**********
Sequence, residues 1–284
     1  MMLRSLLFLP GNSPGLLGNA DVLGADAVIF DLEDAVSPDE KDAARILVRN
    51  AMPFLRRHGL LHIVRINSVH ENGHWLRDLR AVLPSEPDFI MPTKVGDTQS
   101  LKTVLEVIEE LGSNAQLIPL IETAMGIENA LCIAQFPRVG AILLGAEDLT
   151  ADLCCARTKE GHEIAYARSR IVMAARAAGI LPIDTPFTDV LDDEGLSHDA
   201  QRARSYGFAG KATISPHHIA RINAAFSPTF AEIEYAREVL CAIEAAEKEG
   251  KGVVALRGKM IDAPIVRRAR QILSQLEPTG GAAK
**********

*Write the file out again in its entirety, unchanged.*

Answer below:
Sequence, residues 1–284
     1  MMLRSLLFLP GNSPGLLGNA DVLGADAVIF DLEDAVSPDE KDAARILVRN
    51  AMPFLRRHGL LHIVRINSVH ENGHWLRDLR AVLPSEPDFI MPTKVGDTQS
   101  LKTVLEVIEE LGSNAQLIPL IETAMGIENA LCIAQFPRVG AILLGAEDLT
   151  ADLCCARTKE GHEIAYARSR IVMAARAAGI LPIDTPFTDV LDDEGLSHDA
   201  QRARSYGFAG KATISPHHIA RINAAFSPTF AEIEYAREVL CAIEAAEKEG
   251  KGVVALRGKM IDAPIVRRAR QILSQLEPTG GAAK